From Sea and Sky: Hacking the Chesapeake with #BayBots

IMG_20150417_180905259 (2)Two years ago, I moved to San Francisco. It was… an experience. I had the opportunity to meet some incredible technologists, leaders in the emerging world of citizen exploration, and developers, coders, and makers using their skills and expertise to help save the environment. I met some amazing drone builders developing platforms and tools to measure the world. I also learned that West Coast living was not for me. The southern Atlantic coast called me back. But before I left, I led a small team across the Pacific to Papua New Guinea, where we taught undergraduates from the University of Papua New Guinea and the University of the South Pacific how to build and operate OpenROVs and incorporate them into marine ecology research.

The West Coast was good to me. It helped refine my vision for bringing low-cost, open-source technologies into the marine science and conservation world. Citizen science is becoming increasingly important, and the need for both democratizing and decolonizing science will drive much of the evolution of the scientific community in the 21st century. Tools that are effective, cheap, and open-source will play a major role in this transition. I returned east and began planning the next phase of this vision.

The Chesapeake Bay (San Franciscans take heed, you can keep your “Area” but “The Bay” will always be the Chesapeake) is the largest estuary in the United States, is economically important for shipping, fisheries, and tourism, and also happens to be the body of water that I grew up on. I learned to swim, fish, sail, and motor in one of the Bay’s many tributaries. It’s also home to more than a dozen research institutes, which work, sometimes in coordination and sometimes not, on studying and protecting the Bay.

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Become a Citizen Scientist with SharkBase

KempDr. Ryan Kempster is a shark biologist in the Neuroecology Group at the University of Western Australia.  Ryan founded the shark conservation group Support Our Sharks to inform the world about the plight of the most vulnerable shark species. His research focuses on the sensory biology and conservation of sharks and rays.  Sharks have always been his passion, and protecting them his goal.  To do this, Ryan has embarked on a career in research to better understand sharks. He takes every opportunity to communicate his findings to the general public in the hope that he can inspire others to follow in his passion for protecting these amazing animals.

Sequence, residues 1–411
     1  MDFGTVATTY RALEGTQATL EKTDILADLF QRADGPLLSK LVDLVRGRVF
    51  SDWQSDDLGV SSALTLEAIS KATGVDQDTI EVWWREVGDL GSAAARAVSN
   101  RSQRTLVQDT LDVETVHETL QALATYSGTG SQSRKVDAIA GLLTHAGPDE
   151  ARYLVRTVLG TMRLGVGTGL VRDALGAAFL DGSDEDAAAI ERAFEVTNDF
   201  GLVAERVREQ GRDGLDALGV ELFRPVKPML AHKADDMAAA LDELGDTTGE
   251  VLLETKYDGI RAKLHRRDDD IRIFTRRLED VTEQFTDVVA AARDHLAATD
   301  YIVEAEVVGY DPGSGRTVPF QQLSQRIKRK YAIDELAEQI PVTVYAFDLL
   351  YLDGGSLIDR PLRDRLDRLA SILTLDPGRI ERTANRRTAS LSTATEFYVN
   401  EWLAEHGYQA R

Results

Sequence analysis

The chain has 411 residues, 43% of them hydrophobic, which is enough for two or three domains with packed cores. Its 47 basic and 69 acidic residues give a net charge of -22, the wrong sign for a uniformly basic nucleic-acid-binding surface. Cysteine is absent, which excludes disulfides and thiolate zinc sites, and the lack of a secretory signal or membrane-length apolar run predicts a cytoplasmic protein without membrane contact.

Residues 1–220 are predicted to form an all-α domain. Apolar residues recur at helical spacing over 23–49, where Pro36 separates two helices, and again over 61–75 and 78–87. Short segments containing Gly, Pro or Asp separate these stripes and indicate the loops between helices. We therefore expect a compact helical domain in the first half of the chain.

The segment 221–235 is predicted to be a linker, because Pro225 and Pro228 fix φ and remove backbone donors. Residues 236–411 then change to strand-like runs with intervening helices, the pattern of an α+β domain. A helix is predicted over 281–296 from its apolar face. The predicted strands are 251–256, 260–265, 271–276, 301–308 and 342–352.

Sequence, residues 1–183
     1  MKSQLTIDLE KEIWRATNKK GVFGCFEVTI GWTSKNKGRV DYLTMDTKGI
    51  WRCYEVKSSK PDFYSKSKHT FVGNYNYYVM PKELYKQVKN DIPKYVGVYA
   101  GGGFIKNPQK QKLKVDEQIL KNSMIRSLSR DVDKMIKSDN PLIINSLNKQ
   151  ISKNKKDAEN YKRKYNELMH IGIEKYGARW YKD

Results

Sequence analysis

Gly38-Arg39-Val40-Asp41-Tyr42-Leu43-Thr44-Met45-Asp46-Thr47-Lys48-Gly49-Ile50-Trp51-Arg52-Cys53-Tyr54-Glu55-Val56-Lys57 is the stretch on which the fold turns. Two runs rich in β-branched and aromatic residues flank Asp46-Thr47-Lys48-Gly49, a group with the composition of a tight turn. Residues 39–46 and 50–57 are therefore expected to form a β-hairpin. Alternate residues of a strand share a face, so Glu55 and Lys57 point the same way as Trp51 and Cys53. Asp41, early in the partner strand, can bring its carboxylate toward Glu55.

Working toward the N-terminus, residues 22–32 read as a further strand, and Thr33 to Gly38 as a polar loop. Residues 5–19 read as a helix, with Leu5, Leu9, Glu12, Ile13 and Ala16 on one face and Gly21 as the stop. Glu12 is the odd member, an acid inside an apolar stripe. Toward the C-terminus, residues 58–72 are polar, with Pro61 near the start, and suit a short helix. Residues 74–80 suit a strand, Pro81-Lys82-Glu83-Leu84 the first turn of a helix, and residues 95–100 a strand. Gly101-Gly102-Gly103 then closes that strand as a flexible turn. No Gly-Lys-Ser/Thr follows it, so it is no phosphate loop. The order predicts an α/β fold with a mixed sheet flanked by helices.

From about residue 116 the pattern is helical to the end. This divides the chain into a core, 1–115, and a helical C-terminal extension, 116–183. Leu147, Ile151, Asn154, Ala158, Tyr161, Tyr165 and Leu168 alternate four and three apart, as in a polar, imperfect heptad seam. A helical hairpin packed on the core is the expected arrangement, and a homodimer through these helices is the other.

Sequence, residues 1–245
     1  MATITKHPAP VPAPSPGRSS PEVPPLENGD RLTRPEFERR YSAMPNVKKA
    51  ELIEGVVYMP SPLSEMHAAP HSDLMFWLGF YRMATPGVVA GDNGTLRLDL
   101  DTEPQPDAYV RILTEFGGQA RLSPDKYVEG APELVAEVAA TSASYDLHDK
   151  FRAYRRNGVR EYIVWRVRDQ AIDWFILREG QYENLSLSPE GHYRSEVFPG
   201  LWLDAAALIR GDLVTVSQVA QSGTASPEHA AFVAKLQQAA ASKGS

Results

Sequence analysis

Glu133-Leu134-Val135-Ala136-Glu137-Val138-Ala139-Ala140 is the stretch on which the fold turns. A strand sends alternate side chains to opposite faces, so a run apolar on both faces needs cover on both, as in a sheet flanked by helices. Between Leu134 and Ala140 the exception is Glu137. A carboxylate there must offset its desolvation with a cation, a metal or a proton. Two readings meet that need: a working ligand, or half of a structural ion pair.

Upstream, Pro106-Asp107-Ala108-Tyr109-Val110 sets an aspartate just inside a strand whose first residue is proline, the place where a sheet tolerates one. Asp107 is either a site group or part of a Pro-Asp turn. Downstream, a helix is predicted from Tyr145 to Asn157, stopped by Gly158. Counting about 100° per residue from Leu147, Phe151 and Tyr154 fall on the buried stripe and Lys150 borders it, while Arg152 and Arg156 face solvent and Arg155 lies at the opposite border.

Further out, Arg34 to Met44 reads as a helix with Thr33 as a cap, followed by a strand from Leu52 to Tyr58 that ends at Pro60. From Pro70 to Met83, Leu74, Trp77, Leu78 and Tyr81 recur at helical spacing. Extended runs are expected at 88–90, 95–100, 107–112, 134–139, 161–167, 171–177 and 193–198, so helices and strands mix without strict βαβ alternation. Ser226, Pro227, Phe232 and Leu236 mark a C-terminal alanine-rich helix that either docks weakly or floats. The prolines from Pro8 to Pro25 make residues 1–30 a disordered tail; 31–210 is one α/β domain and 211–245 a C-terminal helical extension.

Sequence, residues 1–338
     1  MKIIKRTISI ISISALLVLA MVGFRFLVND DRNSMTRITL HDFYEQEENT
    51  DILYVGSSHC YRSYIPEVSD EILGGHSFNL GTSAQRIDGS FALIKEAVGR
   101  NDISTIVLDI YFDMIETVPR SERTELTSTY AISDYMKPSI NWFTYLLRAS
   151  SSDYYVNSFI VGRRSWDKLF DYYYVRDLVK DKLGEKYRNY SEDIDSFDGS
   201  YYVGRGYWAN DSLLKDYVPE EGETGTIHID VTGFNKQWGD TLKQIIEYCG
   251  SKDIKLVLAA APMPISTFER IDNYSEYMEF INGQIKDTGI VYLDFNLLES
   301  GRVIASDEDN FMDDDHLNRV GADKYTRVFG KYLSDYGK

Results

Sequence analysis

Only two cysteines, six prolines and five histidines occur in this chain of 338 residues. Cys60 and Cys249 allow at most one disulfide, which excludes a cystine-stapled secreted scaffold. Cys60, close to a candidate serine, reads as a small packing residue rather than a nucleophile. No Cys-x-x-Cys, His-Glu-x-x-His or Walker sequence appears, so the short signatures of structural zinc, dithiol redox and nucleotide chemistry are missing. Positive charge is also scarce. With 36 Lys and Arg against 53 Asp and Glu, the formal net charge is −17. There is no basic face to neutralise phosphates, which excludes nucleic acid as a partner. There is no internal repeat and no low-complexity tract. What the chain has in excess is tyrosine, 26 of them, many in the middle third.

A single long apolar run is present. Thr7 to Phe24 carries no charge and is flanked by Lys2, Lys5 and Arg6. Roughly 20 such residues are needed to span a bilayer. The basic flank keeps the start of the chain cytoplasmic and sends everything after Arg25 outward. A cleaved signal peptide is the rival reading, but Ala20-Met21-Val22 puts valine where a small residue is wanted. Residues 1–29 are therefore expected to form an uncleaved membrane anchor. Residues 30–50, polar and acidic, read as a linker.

Effective management of sharks starts with an understanding of their population status, which ultimately instructs their future conservation. Unfortunately, many shark species are at significant risk of unrecoverable decline, with some species having declined to near extinction in recent years. We believe that Citizen Science could hold the key to improving our understanding and management of shark populations, whilst also advancing community education. This is why we have developed SharkBase, a global shark encounter database helping to map the distribution and population structure of sharks worldwide (you can also record ray and skate sightings).

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Mythbusting Citizen Science Roundup

Over where I hang my workday hat, recently we’ve thought a lot about the field of citizen science and how it’s developing. Specifically, the push from leaders and scholars in the field to “retake citizen science” by broadening the definition to include the many formulations of decentralized expertise present in our world in the quest for new knowledge.

As part of that ‘re-taking’, I’ve taken on some of the major stereotypes about citizen science and volunteers. I hope to take on more, and would appreciate suggestions, Mythbusters-style, of stereotypes to investigate. But for now, here’s a roundup of the perceptions thus far:

Participation is Empowering: the verdict is still out Read More

A Primer on Ethics in the Human Dimensions of Conservation

Think about the word ‘ethics’ for a moment. For some, the word creates images of smiling people sitting around a table, the picture of diversity, happily planning a future in which no one is ever taken advantage of. For others, the image may be of nun-like ascetics peering over your shoulder with an armful of paperwork tied together with a pretty bow of red tape. For still others, it’s something heartily discussed in a liberal arts course or late-night dorm philosophizing during doe-eyed college days. In reality, though, practicing ethics is never as clear-cut an image and making ethics part of daily research life is still a distant goal.

Some fields, like genetics and medicine, have had to confront ethical conundrums head-on and consequently, create a precedent for how we think about ethics in a research and institutional context. Sadly, this precedent is full of angry conflict, covering ethical missteps after-the-fact, and millions of dollars worth of lawsuits. This precedent rightfully leaves many people jumpy about addressing ethics head-on, like the proverbial third-rail of program management that no one dare touch for fear of inviting the flak created in these precedent cases. To use another cliched analogy, ethics then becomes the elephant in the room, except this elephant is staring at you over your cubicle wall and periodically sticking its trunk over the wall to search for peanuts. In reality, choosing to not address ethics amounts to consciously deciding to accept whatever emerges organically, whether you like it or not. So what does this mean for less life-or-death fields that work with stakeholders, like the marine sciences? Let’s start with the foundation that’s already laid.